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Concordia PhD grad is recognized for his research on dopamine and alcohol misuse

2018 Public Scholar Milan Valyear earns a Brain Star Award
July 8, 2021
By Rachel Andren

Smiling man with long, curly hair, a beard, glasses and a green shirt. Milan Valyear: “My team’s research demonstrates that discrete alcohol cues and contexts are powerful triggers.”

Scientists believe the brain’s dopamine system plays an important role in alcohol misuse. But relapse rates are high and dopamine-targeted medications have been unsuccessful at treating them.

It’s the topic of interest for Concordia graduate Milan Valyear (PhD 20), a 2018 Public Scholar who is now a postdoctoral researcher at McGill University.

Valyear’s has just been recognized with a 2020 Brain Star Award for his article, “Dissociable mesolimbic dopamine circuits control responding triggered by alcohol-predictive discrete cues and contexts,” published in Nature Communications in July 2020. His research was carried out as part of his doctorial thesis at Concordia.

The Brain Star Award is funded by the Canadian Association for Neuroscience (CAN) and the Canadian Institutes of Health Research Institute of Neurosciences, Mental Health and Addiction (CIHR-INMHA).

Valyear credits his success to the guidance of his PhD supervisor, Nadia Chaudhri, associate professor of psychology. Chaudhri is senior author on the winning publication. “Nadia’s mentorship was unwavering throughout this project and my PhD at Concordia,” he says.

Valyear is one of 15 Canadian students receiving $1,500 and an opportunity to present a summary of their research to the Canadian neuroscience conference.

‘We made fundamental discoveries that allowed us to provide concrete recommendations for clinicians’

Tell us a little about your research.

Milan Valyear: My team’s research demonstrates that discrete alcohol cues, like the sight of a beer, and alcohol contexts, like the ambience of a bar, are powerful triggers for relapse-like behaviour in rats. Importantly, we identified novel behavioural and pharmacological targets for therapeutic intervention.

Specifically, we showed that rats exhibit more alcohol-seeking behaviour in response to a discrete cue when that cue is presented in a context where they had previously consumed alcohol. Pharmacotherapies that target dopamine projections independently should be developed and may be effective in treating alcohol misuse.

Why does this research appeal to the award’s funders?

MV: The Brain Star Awards were designed to highlight neuroscience, mental health and addiction research by trainees in Canada. I think my project appealed to CAN and the CIHR-INMHA because we made fundamental neurobiological and behavioural discoveries that allowed us to provide concrete recommendations for clinicians and researchers working on alcohol use disorder.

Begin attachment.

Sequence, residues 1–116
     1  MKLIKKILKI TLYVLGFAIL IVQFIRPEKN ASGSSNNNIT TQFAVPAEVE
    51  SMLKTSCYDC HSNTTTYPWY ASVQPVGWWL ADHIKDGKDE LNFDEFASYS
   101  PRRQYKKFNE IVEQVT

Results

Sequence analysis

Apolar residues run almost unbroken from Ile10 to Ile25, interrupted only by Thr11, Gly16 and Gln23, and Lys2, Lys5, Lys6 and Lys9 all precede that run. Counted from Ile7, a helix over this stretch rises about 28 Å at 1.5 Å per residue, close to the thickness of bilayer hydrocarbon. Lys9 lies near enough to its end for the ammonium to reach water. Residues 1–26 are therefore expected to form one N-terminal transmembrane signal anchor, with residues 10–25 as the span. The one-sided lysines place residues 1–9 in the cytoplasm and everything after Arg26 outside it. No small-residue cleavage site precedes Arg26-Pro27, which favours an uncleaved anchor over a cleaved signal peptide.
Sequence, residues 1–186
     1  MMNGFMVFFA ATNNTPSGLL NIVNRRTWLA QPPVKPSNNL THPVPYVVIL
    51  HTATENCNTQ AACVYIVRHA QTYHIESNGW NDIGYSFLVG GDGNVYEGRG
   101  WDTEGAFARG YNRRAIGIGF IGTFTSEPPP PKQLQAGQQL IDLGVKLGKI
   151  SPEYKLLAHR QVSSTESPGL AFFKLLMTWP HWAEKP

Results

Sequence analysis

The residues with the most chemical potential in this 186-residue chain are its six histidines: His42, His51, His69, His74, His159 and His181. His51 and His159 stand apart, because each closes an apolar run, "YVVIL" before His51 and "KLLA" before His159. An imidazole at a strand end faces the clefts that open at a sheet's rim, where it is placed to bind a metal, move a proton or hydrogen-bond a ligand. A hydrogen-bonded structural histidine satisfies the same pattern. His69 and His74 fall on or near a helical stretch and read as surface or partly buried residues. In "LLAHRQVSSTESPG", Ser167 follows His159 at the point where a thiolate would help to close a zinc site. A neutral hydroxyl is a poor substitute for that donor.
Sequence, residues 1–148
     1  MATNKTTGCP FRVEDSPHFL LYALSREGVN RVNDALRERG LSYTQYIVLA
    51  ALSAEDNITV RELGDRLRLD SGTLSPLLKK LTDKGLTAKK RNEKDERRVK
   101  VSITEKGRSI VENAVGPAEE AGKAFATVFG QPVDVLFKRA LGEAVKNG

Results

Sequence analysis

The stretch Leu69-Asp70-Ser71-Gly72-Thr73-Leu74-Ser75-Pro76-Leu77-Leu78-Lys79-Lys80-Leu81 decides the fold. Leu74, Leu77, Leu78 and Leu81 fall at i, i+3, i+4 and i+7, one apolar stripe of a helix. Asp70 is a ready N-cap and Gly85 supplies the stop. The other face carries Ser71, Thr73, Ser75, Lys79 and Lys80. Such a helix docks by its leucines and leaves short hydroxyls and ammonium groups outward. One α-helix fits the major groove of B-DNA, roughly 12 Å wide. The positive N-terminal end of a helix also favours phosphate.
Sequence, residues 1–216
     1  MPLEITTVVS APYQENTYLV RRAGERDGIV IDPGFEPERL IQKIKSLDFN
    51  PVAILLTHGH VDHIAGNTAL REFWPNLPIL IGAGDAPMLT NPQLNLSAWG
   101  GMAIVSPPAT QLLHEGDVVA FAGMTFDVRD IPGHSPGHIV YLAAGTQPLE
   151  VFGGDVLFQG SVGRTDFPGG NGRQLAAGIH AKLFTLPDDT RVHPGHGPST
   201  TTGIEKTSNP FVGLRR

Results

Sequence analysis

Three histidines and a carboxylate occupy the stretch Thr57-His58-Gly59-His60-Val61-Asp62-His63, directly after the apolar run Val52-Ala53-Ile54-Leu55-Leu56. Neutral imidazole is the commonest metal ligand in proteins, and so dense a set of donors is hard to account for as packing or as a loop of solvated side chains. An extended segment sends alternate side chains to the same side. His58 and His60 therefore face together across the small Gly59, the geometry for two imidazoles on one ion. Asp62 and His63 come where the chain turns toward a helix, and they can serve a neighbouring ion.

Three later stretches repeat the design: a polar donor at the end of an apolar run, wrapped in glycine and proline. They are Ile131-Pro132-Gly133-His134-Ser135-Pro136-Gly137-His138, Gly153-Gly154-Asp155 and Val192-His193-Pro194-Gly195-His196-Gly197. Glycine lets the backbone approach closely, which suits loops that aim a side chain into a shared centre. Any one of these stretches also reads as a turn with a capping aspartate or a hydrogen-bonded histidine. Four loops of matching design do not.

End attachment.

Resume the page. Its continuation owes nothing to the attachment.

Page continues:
Why is this research important for society?

MV: Our findings suggest that when sober people encounter a discrete alcohol cue in an alcohol context, for example when they are offered a beer in a bar, that it may be particularly difficult to refuse that offer compared to being offered one in a different context, like at work. Clinicians treating alcohol misuse should be mindful of contexts that are powerful relapse triggers for their patients and implement strategies to address these triggers.

That the dopamine system plays two distinct roles in relapse-like behaviour has implications for the development of medications to treat alcohol use disorder. Existing medications that target the dopamine system may be ineffective because they incidentally target multiple components. Our work suggests that medications should be developed that target separate dopamine projections and that these medications may be effective at treating alcohol use disorder.

What are your next steps?

MV: As a postdoctoral researcher in Jonathan Britt’s lab at McGill, I am studying how dopaminergic and glutamatergic inputs to the nucleus accumbens contribute to valence — whether a stimulus is good or bad — and salience — how intense a stimulus is. These are two psychological processes that are disrupted in psychopathologies including substance use disorder and schizophrenia.

Ultimately, if we understand how the activity of cells within, and inputs to, the nucleus accumbens determine salience and valence, we can develop interventions that restore appropriate functioning to treat psychopathology.

Do you have any tips for incoming graduate students on how to maximize their experience and impact at Concordia?

Being a PhD student at Concordia allowed me to conduct groundbreaking neuroscience research and engage with the community. I am proud of my discoveries that contribute to the development of new therapies for alcohol use disorder. Communicating my science as a Public Scholar was such a fulfilling part of graduate school. It is such a privilege to be able to study something rigorously, make a discovery and share that discovery.

Incoming graduate students should take the time to find a subdomain within their field that fully captures their interest. Sharing that interest will feel effortless and their enthusiasm will captivate whomever they speak to.

Find out more about
Concordia’s Department of Psychology.


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